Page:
Iowa supreme court to allow gay marriage
In a unanimous opinion, the Iowa Supreme Court ruled that the state's ban on gay marriage "violates the equal protection clause of the Iowa Constitution."
"Consequently, the language in Iowa Code section 595.2 limiting civil marriage to a man and a woman must be stricken from the statute, and the remaining statutory language must be interpreted and applied in a manner allowing gay and lesbian people full access to the institution of civil marriage," the 69-page ruling concluded.
In 2005, Lambda Legal, a New York-based gay rights organization, sued on behalf of six gay and lesbian Iowa couples in Polk County who were denied marriage licenses. Some of their children are also listed as plaintiffs.
The case was appealed to the state Supreme Court in 2007, after Polk County District Court Judge Robert Hanson agreed with the plaintiffs and ruled that the ban was unconstitutional.
Hanson's ruling prompted nearly two dozen people to apply for marriage licenses in the county, Iowa's most populous and home to Des Moines. Only one couple, Sean and Tim McQuillan of Ames, managed to get married before Hanson stayed his decision the next day. Their marriage stands, but its validity could depend on whether the state's high court sides with the Polk County judge.
During oral arguments before the state Supreme Court in December, Des Moines lawyer Dennis Johnson argued the ban violated his clients' due process and equal protection rights.
"We are suggesting that everybody be able to participate equally in an institution that has existed since the beginning of this state," Johnson said during arguments.
Roger J. Kuhle, an assistant Polk County attorney, argued that the lower court's ruling for the plaintiffs violates the separation of powers and that the issue should be left to the Legislature.
"We are not here opposing the individual plaintiffs' sincerity. We are here because, in our view, the issue is one for the Legislature to decide as a matter of social policy," he told the seven-member court.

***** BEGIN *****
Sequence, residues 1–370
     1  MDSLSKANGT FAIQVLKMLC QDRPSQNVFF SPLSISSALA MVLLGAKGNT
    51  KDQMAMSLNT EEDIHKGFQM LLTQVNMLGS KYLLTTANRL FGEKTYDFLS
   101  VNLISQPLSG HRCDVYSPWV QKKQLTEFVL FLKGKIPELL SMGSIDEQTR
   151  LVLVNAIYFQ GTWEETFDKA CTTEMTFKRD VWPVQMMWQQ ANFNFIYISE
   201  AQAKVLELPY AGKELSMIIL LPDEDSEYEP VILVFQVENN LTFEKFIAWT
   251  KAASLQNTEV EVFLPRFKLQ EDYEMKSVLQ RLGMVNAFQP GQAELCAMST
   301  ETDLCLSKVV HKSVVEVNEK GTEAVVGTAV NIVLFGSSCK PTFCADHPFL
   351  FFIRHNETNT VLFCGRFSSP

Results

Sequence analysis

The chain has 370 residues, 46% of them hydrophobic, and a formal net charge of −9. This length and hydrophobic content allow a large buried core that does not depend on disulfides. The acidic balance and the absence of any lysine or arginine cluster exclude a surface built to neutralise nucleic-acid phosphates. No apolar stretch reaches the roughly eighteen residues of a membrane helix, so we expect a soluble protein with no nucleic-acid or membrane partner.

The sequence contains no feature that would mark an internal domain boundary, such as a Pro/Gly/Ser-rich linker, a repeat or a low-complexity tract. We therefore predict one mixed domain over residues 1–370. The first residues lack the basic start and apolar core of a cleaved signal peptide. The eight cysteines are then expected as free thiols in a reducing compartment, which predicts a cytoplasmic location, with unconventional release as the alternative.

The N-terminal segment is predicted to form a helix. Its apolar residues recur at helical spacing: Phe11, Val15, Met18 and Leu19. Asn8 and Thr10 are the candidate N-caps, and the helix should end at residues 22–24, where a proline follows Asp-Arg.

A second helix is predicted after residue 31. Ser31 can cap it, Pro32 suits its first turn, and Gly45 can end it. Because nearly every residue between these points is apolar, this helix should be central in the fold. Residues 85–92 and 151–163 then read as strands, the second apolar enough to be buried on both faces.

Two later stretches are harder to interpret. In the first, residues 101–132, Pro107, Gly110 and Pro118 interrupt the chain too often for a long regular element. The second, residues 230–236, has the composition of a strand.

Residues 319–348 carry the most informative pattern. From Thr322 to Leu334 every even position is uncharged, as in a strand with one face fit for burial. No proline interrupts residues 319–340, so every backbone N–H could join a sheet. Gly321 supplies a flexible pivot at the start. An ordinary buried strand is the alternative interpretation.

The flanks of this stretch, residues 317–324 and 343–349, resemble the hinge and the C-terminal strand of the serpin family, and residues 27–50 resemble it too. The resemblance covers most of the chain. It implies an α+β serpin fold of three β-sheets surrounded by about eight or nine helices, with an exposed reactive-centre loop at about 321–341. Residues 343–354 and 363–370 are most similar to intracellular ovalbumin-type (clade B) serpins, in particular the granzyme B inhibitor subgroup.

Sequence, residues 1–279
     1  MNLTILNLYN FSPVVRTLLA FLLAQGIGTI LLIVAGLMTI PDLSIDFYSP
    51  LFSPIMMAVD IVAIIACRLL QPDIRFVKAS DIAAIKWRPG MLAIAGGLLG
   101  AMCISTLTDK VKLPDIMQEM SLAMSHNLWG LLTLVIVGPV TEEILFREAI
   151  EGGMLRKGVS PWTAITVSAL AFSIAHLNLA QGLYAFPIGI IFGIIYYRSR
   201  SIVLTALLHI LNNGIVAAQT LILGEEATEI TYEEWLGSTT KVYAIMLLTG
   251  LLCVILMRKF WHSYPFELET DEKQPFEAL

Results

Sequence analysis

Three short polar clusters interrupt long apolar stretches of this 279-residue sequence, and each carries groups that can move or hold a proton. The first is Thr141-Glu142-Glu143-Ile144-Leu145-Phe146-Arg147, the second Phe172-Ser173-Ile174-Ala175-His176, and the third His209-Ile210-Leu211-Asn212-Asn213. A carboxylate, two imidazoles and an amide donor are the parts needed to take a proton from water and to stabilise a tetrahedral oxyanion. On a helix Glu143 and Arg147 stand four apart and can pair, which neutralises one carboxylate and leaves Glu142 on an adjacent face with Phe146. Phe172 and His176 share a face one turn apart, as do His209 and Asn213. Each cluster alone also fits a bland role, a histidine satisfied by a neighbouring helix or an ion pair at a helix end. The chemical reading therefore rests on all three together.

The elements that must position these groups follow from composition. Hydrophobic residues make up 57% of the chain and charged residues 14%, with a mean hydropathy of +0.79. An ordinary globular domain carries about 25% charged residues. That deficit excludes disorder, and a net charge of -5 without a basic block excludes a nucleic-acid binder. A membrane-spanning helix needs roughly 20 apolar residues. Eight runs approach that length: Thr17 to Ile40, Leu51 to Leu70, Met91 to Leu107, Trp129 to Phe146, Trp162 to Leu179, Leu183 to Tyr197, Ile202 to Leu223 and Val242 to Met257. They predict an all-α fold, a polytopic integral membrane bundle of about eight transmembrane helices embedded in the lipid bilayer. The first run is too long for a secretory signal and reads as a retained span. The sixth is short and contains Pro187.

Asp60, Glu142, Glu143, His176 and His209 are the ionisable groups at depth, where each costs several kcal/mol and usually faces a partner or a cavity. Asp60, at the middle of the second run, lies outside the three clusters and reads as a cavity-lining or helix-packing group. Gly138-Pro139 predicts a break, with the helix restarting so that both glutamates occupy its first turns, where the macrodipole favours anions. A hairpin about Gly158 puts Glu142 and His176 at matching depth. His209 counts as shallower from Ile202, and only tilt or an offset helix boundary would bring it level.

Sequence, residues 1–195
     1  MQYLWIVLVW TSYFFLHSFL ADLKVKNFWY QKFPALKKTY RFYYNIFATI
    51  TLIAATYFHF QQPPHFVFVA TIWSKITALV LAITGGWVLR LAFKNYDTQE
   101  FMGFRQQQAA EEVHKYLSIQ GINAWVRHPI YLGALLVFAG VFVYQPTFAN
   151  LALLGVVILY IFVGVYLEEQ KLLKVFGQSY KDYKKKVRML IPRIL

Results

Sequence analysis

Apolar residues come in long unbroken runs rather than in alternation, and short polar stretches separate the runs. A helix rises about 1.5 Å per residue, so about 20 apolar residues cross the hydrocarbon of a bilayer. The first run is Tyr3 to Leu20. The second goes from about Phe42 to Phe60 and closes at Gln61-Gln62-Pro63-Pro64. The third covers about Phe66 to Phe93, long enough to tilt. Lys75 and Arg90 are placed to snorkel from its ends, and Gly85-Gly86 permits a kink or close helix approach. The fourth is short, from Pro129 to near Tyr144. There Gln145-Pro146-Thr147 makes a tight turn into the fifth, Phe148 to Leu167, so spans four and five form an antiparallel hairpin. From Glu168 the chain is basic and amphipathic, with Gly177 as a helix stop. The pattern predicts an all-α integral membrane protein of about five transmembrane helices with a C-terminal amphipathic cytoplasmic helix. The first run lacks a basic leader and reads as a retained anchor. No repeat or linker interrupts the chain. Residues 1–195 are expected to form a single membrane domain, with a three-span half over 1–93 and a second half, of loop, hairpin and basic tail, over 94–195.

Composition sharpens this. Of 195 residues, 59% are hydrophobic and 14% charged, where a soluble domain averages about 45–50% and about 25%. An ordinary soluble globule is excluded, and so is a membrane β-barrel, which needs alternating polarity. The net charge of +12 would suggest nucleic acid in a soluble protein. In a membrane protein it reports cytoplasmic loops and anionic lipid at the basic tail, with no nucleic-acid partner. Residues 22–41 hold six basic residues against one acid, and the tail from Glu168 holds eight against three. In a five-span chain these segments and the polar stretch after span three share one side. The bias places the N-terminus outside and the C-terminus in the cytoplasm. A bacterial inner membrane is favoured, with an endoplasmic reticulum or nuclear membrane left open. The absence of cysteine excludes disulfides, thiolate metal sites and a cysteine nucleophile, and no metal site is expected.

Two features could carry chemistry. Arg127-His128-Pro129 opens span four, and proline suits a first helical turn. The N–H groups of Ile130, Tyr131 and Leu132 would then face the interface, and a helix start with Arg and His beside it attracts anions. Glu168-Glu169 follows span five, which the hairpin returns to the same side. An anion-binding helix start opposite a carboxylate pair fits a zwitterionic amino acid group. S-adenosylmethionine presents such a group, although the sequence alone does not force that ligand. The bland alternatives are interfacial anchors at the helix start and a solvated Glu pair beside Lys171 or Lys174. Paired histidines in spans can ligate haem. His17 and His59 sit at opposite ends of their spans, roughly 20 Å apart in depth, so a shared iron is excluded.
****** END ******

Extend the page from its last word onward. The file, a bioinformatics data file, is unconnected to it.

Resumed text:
During oral arguments, Chief Justice Marsha Ternus explained that the high court would determine whether the district court erred by finding that the same-sex marriage ban violated the state constitution, and whether it erred by not allowing the county's expert witness testimony.
The timing of the ruling's release could be awkward for state lawmakers, who are on track to end the legislative session in coming weeks.
Senate Majority Leader Mike Gronstal, D-Council Bluffs, told reporters that it's "exceedingly unlikely" the Legislature would deal with the gay marriage issue this year, regardless of the court's ruling.
"This is the final step in a lengthy legal proceedings," said Gronstal. "We're going to wait and see that decision and review it before we take any action."
Around the nation, only Massachusetts and Connecticut permit same-sex marriage. California, which briefly allowed gay marriage before a voter initiative in November repealed it, allows domestic partnerships.
New Jersey and New Hampshire also offer civil unions, which provide many of the same rights that come with marriage. New York recognizes same-sex marriages performed elsewhere, and legislators there and in New Jersey are weighing whether to offer marriage. A bill that would legalize same-sex marriage in Vermont is before the state House.
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